CONOR MCKEON – 12 AUGUST 2013 02:30 PM
IN Ennis last year, Anthony Daly made the slow walk back from the victorious Clare dressing-room and stopped for a chat. Broken and dejected, he carried the gait of a man who had invested enough effort and emotion for one lifetime and when the inevitable question of his future arrived, he went immediately for touch and bought a little time.
There and then, it seemed wholly unlikely that he could regenerate Dublin to the heights of winning a Leinster Championship or existing at such a privileged stage in the hurling summer but yesterday, reflecting on that very feat but in the bitter context of an All-Ireland semi-final loss, he did the same as last year.
“Ah look, we’ll go away and talk about it,” he shrugged. “Like we did in a hotel in the Northside there last October, myself and Andy (Kettle) and John (Costello) … we thrashed out the pros and cons.
“It wasn’t as simple as the boys saying stay on for the year. We looked at it in every way. It won’t be that simple either. But this is never the time to make a decision. Same in Ennis last year. Let’s see the way things are in the next few weeks.”
The notion of Daly’s time in Dublin being up seems outlandish, though. His reconstruction work has been nothing short of epic.
Promotion was an end in itself. The Leinster title and the manner in which they won it is undoubtedly, the high water mark of this Dublin hurling renaissance.
Even the large following that went to Croke Park yesterday to support his team was testament to the many walls Dublin have broken down and hurdles they have jumped in his five years as manager.
“It’s hard to say, at a moment like this, that you’d have any sense of satisfaction, you know? We just feel disappointed, and heavy hearted. But you know maybe in a few weeks we’ll be able to look back on it with a bit of satisfaction.
“When we’re struggling up in Belfast in a league match or something. Limerick beat us here too and we missed a load of chances. Even at half time against Carlow I think maybe we were a point behind at half-time, up in Parnell, trying to make it through to the league final of 1B. So maybe we will be able to look back.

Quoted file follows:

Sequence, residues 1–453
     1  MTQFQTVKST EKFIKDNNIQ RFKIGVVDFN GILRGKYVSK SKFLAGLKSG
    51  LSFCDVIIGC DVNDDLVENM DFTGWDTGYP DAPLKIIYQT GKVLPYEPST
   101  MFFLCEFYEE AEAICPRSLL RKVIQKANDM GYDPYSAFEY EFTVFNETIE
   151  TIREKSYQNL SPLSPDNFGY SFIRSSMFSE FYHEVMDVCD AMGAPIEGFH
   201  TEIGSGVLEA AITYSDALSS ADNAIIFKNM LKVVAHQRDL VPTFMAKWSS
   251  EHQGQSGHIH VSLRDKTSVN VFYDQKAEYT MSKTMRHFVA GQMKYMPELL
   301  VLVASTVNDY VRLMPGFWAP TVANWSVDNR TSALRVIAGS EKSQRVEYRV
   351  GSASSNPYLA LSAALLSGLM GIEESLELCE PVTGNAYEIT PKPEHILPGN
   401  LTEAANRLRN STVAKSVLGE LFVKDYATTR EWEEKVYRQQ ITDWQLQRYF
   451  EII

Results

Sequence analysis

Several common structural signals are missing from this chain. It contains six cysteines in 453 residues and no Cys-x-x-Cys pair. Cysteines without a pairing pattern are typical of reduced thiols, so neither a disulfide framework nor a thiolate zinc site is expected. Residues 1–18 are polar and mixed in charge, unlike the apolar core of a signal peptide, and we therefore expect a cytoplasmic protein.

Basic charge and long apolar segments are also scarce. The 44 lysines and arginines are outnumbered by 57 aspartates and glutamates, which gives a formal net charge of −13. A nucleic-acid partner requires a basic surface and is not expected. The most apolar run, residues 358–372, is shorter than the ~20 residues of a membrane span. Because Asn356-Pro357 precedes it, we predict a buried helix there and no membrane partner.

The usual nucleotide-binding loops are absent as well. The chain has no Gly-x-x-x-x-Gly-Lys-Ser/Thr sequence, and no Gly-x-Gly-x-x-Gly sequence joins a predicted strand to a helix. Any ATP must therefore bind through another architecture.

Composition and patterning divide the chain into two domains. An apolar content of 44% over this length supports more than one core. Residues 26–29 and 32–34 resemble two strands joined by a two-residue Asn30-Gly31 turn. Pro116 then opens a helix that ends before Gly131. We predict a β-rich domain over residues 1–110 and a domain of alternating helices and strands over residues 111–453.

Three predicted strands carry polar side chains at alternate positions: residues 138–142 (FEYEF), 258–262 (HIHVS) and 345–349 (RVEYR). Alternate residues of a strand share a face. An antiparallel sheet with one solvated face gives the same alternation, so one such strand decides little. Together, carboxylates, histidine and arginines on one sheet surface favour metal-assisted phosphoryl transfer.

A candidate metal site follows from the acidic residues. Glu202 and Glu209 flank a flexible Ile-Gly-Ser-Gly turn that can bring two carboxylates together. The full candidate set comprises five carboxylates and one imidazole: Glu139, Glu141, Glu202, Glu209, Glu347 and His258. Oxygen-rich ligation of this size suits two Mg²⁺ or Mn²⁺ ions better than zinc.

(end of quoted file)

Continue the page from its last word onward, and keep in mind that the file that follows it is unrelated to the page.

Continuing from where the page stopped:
“It was a great Leinster championship to win, no doubt about that,” he added. “But just disappointed now, because the All-Ireland is a special day. I’d love the lads to have experienced it. And it would have done another whole pile for Dublin hurling, to get into that day, as well.”
Upon agreeing to come back this year, Daly was ratified on a single-year term but presumably, if he has the interest to go again, the relevant parties in Dublin will shove the appointment through.
Still, colouring his disappointment over the next couple of weeks will be the fact that with so much moving and shaking going on in the hurling championship this year, an All-Ireland was a very distinct possibility.
Perhaps though, as he stressed himself, Dublin’s resurgence will be more permanent this time.
“Well any time you get to an All-Ireland semi-final . . . but sure who are the big guns?” he asked.
“I feel we’re the big guns at this stage. But any time that you get to the semi-final and are a point down, in the 66th minute, you feel it’s a chance lost.”
Dotsy O’Callaghan, one of the men who has been transformed this year, reckoned that the satisfaction of what they achieved may take some time to fully poke through the agony of yesterday.
“We’ve had a great year but the way the championship turned out it was wide open and I suppose everyone left in the semi-final viewed it as a great opportunity,” he said.
“Look, we have had a good year. Obviously we wanted to go a bit further but unfortunately it wasn’t to be. At the moment it doesn’t feel like a good year, we would have liked to have gone on further but it is not meant to be. We will have to review where we’re at.
On the subject of Daly’s future, O’Callaghan was similarly disinclined to make bold or brash statements.
“Look, it is too early for me to say, I don’t know what anyone is doing. It will be a long winter now and I suppose people will be looking at themselves.
“There will be no decisions made today anyway.
“Maybe in time,” he added. “Not today, but maybe in time we can look back and say it was a good year.
“We had five weeks to gear up for an All-Ireland semi-final and that was the approach we took.